Was your mother or grandmother a Code Girl? I’ve heard from lots of people who have a code-breaker in their family and want to learn more about what she did. If you are interested in tracking down this important family history, here are some resources that can help. World War II-era civilian and military government employment records are a matter of public record. If you want to request the file of a relative who served in the military during the war, or was employed as a civilian, you can do so here:
If you prefer to have an expert help you access these records, the National Archives maintains a data base of researchers who are familiar with the process.
Personally, I worked with and highly recommend Jaclyn Ostrowski, a professional records researcher who can be reached at firstname.lastname@example.org.
I have also heard from numerous families who have sent me memoirs and photos of their mothers and grandmothers. I am going to post some of these here in the near future, so check back. Some people have asked whether there could be a forum for families to communicate with one another. I’m still figuring out how this could work; if you have an idea about this, feel free to email me.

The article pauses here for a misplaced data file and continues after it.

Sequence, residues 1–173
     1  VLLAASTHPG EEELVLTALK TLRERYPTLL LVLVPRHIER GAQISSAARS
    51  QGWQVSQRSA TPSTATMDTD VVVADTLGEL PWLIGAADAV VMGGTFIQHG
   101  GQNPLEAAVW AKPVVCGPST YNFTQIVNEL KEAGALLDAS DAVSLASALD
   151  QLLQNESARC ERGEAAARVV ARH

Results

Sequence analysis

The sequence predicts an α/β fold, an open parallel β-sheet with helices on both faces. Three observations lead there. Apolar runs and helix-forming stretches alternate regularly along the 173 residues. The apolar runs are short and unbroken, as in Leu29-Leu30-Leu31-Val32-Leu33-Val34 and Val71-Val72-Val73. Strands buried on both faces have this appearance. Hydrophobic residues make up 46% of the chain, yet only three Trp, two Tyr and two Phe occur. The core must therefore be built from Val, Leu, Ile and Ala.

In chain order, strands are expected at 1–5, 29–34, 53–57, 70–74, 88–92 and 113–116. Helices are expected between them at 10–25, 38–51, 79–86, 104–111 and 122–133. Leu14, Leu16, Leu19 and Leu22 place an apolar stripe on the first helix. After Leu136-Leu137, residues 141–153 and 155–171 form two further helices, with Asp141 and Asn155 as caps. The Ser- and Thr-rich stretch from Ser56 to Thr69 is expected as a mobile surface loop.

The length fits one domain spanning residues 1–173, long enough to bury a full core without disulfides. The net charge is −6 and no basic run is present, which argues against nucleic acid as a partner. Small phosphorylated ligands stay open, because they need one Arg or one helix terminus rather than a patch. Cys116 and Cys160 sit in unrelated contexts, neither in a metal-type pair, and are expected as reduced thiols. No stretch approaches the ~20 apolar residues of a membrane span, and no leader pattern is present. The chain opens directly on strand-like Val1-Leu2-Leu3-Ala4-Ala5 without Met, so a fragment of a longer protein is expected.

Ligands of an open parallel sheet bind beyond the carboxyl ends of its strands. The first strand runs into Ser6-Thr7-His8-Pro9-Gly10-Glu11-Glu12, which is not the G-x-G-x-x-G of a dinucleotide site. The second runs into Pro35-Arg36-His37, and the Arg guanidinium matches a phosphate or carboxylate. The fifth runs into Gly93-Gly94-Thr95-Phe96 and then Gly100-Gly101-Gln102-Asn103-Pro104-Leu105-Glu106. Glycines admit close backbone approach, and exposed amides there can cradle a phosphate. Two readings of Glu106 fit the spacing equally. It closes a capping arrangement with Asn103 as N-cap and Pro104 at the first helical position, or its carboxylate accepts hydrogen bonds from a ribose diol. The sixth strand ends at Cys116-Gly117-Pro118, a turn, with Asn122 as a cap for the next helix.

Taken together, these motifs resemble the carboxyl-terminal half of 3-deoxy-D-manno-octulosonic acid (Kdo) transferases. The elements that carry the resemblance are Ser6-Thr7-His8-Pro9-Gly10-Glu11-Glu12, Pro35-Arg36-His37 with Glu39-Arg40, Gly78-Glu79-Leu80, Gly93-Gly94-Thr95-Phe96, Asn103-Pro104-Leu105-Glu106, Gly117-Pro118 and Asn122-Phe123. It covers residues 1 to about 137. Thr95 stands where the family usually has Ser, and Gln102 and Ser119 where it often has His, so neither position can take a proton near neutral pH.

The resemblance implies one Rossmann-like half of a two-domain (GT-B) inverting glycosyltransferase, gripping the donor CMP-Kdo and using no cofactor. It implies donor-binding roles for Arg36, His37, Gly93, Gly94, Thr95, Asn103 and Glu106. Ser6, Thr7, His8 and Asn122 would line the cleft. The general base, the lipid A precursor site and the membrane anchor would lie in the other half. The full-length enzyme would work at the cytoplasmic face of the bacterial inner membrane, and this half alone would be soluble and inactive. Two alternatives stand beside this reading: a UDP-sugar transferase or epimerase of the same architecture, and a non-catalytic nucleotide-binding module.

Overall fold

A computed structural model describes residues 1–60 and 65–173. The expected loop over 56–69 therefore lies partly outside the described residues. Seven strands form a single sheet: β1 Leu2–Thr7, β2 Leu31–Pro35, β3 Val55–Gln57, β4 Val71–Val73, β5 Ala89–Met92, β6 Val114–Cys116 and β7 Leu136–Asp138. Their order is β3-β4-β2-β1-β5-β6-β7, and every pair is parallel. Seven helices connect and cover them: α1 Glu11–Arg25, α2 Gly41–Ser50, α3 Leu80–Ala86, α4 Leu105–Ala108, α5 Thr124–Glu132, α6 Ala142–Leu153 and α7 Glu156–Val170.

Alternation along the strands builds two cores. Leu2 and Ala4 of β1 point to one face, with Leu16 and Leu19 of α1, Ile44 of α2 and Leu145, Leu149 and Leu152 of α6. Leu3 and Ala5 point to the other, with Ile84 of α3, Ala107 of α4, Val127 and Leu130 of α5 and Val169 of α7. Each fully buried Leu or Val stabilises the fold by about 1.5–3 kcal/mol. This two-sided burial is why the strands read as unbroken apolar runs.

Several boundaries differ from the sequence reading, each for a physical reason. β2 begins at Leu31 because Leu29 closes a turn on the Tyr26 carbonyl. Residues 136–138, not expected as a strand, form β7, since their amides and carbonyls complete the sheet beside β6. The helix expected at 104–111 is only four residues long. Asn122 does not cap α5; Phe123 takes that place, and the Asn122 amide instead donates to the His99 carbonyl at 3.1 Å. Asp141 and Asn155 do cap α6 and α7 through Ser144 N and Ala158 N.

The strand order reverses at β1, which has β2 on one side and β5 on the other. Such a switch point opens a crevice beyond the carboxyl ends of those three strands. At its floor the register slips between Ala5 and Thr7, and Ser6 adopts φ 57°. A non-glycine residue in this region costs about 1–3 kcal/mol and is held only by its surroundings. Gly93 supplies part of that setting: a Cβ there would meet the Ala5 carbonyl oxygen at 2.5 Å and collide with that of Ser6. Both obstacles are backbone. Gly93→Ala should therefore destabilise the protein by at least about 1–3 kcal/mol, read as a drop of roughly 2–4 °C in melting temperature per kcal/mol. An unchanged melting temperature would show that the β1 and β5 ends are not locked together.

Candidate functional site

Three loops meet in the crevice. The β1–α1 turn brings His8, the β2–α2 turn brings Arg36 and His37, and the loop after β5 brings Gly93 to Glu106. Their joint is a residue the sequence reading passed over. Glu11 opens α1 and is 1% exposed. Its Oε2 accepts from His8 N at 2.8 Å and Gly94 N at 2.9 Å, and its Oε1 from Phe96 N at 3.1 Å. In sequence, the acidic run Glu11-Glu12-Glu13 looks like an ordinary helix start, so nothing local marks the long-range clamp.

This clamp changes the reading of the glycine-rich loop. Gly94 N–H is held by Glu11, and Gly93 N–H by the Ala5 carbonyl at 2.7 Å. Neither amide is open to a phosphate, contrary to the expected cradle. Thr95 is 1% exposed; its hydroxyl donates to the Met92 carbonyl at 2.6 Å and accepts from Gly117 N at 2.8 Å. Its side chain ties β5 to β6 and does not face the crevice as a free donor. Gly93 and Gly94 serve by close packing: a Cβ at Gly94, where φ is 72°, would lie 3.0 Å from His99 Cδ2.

While researching at the National Archives facility in College Park, Maryland, I also came across files containing rosters of women who worked as codebreakers for the Army and Navy. These rosters tend to be scattered and not systematic–they were produced at various times for various reasons–and they do not provide a complete (or even alphabetical) listing of the more than 10,000 women who did this work. However, they are fascinating to read, and it’s possible that your relative’s name will be there. I found the names of many of the women I interviewed, along with addresses of the places they lived when they came to Washington, as well as typed records of their frequent changes of address, changes of maiden names to married names, etc. I made copies of some of these documents and will be posting the PDFs soon, so check back if you are interested in looking at these. In particular, there are extensive rosters of women from the Seven Sisters colleges who graduated in 1942 and 1943 and served as codebreakers in the Navy. But there are some Arlington Hall civilian rosters as well.